Our hearts beat like drums.
The beat of our hearts is our rhythm.
Without the rhythm there would be no life.
Rhythm is life.”
Avi Gesundheit (z”l), ’96, led an extraordinary life full of passion in making music. Nearly a quarter century later, the memory of his melody continues to inspire generations of Milken students through the Avi Efraim Gesundheit Music Fund.
Avi took up the saxophone during middle school at Milken, switching to guitar before landing, ultimately, on drums as his instrument of choice. A member of the high school jazz band, he and his friends Mike Lewis (z"l) ’96 and Brian Posalski ’96 also had their own garage band and would fill their houses with the sounds of spontaneous jam sessions.
Susan Gesundheit, Avi’s mother, remembers her son not only for his musical ability but also for the personal qualities that made him so beloved. “He was incredibly warm and had a big sense of humor,” she says. “He enjoyed participating at Milken, whether through music or joining the water polo team, and he was extremely well-liked there.”
A few weeks after his graduation from Milken in June 1996, Avi took a summer road trip with Mike Lewis to attend a Phish concert at the Red Rocks of Colorado. They were on their way to first see the Petrified Forest in Arizona and while driving outside of Flagstaff, a storm hit, leading to a fatal accident. Both boys were tragically killed.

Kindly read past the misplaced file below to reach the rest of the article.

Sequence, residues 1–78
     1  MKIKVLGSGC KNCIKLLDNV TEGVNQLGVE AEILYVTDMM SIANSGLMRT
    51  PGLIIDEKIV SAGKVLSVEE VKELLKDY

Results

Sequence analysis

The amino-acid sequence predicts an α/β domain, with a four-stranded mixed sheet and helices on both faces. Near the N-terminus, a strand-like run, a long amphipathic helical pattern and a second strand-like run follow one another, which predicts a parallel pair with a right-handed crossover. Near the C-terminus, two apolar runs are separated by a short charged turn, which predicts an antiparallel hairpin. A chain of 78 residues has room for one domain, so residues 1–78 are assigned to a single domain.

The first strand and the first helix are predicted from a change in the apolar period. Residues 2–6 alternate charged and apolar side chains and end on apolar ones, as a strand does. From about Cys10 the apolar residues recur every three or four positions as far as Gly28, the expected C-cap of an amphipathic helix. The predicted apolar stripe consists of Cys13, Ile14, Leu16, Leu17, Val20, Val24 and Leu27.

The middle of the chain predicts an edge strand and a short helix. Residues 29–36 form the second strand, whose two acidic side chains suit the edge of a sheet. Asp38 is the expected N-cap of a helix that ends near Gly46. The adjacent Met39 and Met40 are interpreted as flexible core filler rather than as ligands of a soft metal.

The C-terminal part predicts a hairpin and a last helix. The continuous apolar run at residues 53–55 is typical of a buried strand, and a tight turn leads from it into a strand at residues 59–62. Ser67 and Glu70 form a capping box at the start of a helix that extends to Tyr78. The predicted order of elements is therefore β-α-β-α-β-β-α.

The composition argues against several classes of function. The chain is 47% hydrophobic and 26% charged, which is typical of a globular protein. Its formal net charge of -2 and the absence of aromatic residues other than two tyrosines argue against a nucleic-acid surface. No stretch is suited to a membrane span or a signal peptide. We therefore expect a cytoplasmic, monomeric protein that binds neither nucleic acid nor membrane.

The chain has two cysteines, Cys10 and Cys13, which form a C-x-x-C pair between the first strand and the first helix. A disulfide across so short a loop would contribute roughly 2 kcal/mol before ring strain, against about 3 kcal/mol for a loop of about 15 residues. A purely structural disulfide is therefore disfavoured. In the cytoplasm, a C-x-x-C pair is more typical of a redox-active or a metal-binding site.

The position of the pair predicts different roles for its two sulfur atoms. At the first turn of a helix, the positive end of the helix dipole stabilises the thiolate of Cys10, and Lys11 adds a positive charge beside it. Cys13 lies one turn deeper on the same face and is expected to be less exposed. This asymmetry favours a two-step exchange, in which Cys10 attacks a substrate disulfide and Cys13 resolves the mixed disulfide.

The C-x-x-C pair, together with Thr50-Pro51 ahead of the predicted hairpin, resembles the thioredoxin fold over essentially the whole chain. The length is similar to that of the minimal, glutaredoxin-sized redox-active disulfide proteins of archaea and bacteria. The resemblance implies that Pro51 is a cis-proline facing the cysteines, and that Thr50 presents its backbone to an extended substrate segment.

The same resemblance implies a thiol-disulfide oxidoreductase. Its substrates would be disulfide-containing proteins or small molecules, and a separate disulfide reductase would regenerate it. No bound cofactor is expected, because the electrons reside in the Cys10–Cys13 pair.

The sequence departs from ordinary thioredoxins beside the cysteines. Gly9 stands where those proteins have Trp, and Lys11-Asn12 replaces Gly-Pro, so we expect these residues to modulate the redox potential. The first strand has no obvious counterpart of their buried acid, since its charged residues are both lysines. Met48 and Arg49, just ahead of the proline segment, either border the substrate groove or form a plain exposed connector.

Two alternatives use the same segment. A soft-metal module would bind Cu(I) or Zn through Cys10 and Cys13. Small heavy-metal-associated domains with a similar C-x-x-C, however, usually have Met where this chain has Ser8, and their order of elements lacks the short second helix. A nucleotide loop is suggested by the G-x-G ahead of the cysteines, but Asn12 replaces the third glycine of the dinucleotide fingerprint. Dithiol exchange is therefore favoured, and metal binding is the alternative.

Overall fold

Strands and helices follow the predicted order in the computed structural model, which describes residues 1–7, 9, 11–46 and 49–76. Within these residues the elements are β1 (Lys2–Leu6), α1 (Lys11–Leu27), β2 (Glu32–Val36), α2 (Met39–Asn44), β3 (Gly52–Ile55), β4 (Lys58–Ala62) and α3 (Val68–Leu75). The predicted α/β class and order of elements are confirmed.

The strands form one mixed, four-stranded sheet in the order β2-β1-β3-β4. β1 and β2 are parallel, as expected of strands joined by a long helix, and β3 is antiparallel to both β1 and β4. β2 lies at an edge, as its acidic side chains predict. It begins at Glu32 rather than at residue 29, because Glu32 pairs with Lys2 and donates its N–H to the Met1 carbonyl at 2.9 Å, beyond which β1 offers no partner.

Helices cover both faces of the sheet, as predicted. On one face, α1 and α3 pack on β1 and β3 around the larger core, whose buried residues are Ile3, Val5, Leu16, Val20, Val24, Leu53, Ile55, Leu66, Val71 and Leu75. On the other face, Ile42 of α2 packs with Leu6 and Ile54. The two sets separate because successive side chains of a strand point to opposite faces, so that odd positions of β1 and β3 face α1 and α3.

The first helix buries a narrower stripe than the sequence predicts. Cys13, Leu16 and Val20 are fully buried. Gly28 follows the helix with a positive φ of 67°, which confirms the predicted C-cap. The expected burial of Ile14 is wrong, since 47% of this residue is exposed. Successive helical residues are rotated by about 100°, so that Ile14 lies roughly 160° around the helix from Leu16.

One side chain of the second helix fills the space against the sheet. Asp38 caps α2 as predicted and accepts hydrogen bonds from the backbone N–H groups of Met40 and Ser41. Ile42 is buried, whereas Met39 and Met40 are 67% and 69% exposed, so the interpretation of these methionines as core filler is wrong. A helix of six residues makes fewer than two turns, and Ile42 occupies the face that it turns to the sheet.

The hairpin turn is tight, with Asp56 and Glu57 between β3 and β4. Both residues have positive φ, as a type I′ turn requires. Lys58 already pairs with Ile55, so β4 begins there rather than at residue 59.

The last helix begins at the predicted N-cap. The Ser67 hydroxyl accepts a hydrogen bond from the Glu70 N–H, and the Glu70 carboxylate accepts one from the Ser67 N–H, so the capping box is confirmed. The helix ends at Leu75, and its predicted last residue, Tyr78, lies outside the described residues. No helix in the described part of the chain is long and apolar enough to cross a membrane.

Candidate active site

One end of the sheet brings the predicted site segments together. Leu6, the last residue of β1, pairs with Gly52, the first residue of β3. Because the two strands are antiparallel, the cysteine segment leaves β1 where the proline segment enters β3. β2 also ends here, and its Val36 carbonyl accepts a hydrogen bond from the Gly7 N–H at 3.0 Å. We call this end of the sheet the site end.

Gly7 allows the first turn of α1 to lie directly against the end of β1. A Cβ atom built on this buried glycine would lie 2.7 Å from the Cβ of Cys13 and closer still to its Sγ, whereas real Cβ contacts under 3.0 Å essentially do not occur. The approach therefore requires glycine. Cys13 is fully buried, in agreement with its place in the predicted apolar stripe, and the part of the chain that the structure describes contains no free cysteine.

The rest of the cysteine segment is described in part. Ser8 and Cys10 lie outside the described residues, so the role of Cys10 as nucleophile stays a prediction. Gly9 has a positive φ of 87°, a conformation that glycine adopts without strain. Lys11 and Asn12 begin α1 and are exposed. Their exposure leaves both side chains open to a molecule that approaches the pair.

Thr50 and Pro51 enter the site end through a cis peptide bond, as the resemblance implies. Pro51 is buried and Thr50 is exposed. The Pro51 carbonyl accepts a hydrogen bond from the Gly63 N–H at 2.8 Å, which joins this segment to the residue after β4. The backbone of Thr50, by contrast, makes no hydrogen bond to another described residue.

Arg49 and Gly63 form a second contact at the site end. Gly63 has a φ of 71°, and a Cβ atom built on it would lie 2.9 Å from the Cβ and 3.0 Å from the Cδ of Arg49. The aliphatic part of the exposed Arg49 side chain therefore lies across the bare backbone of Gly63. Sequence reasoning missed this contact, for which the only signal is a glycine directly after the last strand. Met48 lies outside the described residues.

To honor Avi, Susan and her husband Jaime established the Avi Efraim Gesundheit Music Fund, a gift in perpetuity to provide music enrichment programs for all students and faculty in the Milken community. “Jaime and I had been deeply involved at Stephen Wise, and we were part of Milken from its inception,” she says. “We had always been personally invested in ensuring its longevity, and this endowed fund for Avi seemed like a good way both to support the school and to make sure our son is never forgotten.”
Proceeds from the endowment help create opportunities for cross-curricular music education, fostering a deeper understanding and appreciation of music among diverse campus constituencies. “Some of Avi’s classmates at Milken are now parents who send their own kids to the school,” Susan notes. “We hope the fund serves as an example of how they might make contributions to advance Milken’s mission – and, at the same time, that it allows students to connect with how powerful music can be.”
That power has been prominent in the lives of people whom Avi touched. “Our daughter Daniela, Avi’s younger sister, was moved by his loss to become seriously focused on music as a career. She’s a cantor and a prominent indie music performer,” Susan says.
Whatever their personal or professional paths, Milken students who benefit from the Avi Efraim Gesundheit Music Fund continue to channel Avi’s spirit and celebrate his memory. “He’s really missed,” Susan says, “and we’re so pleased to have a forum that brings people together in his name.”